This method works well for small batches. For larger amounts, the liquid coloring can over-moisten the powdered sugar. In that case, try the next method.

Method 2: Gel Food Coloring

Gel food coloring provides vibrant colors similar to the liquid form, but with less moisture content. It takes more drops of gel to achieve the same shade as liquid coloring, but results in a fluffier finished product.

What You'll Need:

  • 1 cup powdered sugar
  • Gel food coloring
  • Small bowl
  • Toothpick or chopstick
  • Airtight container


  1. Add 1 cup powdered sugar to a small bowl.
  2. Dip a toothpick or chopstick in the gel coloring and dot on top of the powdered sugar. Start with 5-6 dots.
  3. Use the toothpick or chopstick to gently fold the gel into the surrounding powdered sugar until thoroughly combined.
  4. Add more dots of gel as needed to achieve the desired color shade. Mix until color is even.
  5. Transfer colored powdered sugar to an airtight container. Store away from humidity.

The thicker consistency of gel coloring allows it to mix easily into the powdered sugar without adding excess moisture. This makes it an ideal choice when coloring large batches.

Method 3: Powdered Food Coloring

Powdered food coloring is harder to find than liquid or gel, but creates the fluffiest textured colored sugar. It does not contain any moisture, so over-mixing is not a concern.

What You'll Need:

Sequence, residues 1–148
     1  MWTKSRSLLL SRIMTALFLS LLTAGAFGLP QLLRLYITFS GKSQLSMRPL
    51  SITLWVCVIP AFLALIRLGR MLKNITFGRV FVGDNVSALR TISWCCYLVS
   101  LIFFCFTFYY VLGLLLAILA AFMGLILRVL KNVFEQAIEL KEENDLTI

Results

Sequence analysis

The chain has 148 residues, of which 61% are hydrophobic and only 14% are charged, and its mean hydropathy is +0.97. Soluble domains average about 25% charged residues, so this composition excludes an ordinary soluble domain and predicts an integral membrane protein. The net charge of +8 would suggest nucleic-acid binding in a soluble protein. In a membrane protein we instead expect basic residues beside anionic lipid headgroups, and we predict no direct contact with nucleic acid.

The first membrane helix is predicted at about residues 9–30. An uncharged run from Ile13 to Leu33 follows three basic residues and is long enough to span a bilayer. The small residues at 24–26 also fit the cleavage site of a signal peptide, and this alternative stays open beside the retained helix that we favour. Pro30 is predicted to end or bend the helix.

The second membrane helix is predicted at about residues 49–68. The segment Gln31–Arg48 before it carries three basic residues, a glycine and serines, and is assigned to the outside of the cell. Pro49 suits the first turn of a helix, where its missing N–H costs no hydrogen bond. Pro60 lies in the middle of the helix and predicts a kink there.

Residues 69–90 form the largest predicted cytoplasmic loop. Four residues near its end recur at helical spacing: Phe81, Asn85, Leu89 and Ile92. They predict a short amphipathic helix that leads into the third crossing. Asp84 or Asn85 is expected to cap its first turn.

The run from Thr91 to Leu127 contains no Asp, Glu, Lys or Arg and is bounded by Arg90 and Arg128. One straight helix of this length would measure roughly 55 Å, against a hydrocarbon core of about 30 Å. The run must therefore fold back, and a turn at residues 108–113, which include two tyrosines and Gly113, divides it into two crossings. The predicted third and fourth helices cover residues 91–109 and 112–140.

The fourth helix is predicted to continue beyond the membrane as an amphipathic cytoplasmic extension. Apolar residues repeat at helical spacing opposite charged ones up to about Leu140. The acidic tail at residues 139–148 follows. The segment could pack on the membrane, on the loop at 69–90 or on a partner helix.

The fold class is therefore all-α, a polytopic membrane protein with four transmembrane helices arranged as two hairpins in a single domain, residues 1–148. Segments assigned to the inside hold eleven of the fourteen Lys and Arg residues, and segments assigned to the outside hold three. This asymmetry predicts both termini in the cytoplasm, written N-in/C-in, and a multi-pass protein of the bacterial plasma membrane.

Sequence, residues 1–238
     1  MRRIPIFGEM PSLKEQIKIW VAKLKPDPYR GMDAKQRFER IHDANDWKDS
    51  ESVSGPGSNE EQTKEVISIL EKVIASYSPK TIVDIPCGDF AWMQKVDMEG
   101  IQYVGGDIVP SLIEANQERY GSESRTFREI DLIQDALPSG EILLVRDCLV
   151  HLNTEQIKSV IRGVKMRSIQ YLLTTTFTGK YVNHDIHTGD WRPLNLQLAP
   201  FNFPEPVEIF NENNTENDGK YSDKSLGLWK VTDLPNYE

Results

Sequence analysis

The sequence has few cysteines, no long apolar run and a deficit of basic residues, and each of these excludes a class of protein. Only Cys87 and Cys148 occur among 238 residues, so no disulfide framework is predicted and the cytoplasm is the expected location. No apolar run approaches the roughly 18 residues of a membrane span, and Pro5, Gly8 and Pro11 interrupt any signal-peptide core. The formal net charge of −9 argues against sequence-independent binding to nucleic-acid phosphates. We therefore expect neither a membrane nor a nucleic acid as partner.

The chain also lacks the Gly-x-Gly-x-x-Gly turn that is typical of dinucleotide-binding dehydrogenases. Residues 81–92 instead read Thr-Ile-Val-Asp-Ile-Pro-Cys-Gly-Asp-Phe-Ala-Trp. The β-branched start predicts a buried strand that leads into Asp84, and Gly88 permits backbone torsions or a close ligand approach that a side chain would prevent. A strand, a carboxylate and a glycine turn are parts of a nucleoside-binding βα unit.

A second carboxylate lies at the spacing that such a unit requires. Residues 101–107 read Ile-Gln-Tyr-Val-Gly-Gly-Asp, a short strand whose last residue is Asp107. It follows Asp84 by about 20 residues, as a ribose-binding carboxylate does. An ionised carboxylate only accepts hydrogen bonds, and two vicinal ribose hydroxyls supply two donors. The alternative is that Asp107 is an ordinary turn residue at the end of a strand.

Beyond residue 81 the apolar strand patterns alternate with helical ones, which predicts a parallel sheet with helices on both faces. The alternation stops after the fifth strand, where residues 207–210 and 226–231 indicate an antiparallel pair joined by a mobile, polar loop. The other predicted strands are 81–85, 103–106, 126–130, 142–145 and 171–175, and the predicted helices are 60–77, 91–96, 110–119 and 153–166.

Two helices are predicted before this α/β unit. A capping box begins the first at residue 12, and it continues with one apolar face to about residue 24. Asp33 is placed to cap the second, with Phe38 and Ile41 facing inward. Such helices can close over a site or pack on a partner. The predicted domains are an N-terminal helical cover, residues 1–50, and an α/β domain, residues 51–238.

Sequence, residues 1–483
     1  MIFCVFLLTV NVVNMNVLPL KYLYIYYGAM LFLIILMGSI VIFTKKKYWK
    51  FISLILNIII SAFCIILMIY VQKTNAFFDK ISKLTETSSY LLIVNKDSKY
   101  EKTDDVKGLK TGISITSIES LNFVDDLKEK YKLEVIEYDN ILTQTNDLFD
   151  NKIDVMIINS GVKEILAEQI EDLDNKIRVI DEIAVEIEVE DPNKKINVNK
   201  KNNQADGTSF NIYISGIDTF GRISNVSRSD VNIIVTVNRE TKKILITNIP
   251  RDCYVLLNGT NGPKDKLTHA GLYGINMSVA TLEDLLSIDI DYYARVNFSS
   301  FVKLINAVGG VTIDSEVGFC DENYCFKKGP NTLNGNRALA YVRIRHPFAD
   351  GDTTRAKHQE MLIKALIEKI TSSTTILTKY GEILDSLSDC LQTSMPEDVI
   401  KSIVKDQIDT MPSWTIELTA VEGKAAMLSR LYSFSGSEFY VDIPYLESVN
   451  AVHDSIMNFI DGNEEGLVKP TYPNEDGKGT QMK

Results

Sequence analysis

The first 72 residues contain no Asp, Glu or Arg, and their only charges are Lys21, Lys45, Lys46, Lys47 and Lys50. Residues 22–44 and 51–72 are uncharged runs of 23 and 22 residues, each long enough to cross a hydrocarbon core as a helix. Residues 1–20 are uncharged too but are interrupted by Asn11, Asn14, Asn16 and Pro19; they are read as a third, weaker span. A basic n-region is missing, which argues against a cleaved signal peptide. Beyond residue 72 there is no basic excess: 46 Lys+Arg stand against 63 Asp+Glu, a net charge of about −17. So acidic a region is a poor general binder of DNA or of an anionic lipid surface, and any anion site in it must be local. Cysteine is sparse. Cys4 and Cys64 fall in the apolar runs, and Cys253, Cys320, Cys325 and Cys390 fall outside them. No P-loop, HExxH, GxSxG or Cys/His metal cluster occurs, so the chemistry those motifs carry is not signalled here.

• 1 cup powdered sugar
  • Powdered food coloring
  • Small bowl
  • Spoon
  • Airtight container


  1. Add 1 cup powdered sugar to a small bowl.
  2. Add a pinch of powdered coloring. Start with 1/8 teaspoon.
  3. Use a spoon to fold and mix the powdered color into the surrounding powdered sugar until thoroughly combined.
  4. Add more powdered coloring a pinch at a time if a darker shade is desired. Mix until color is even.
  5. Transfer colored powdered sugar to an airtight container. Store away from humidity.

Powdered food coloring evenly tints the powdered sugar without lightening the texture. It's the ideal choice for coloring large batches of powdered sugar.

Method 4: Colored Granulated Sugar

For powdered sugar with perfectly even color distribution, start by coloring granulated sugar. Then process it into a fine powder.

What You'll Need:

  • 1 cup granulated sugar
  • Liquid food coloring
  • Resealable plastic bag
  • Food processor or blender
  • Airtight container


  1. Add 1 cup granulated sugar to a resealable plastic bag. Add liquid food coloring a few drops at a time and seal bag.
  2. Massage the bag to distribute coloring until sugar is evenly tinted. Add more drops if needed.
  3. Transfer colored sugar to a food processor or blender. Process on high until transformed into a fine powder, about 1 minute.
  4. Use a sieve to sift out any remaining granules. Transfer colored powdered sugar to an airtight container.

Because the granulated sugar is evenly colored before grinding, you end up with richly hued powdered sugar that distributes color consistently. This takes a little extra effort, but provides beautiful results.

Storing Colored Powdered Sugar

When stored properly, colored powdered sugar will retain its color and remain fresh for up to 6 months. For best quality, store in an airtight container in a cool, dark place away from excess moisture and heat. Avoid plastic bags, as they can allow moisture transfer over time.

If stored in a humid environment, the powdered sugar may clump. You can revive clumpy colored sugar by sifting it or mixing it with a fork. But for peak freshness, use colored powdered sugar soon after making it.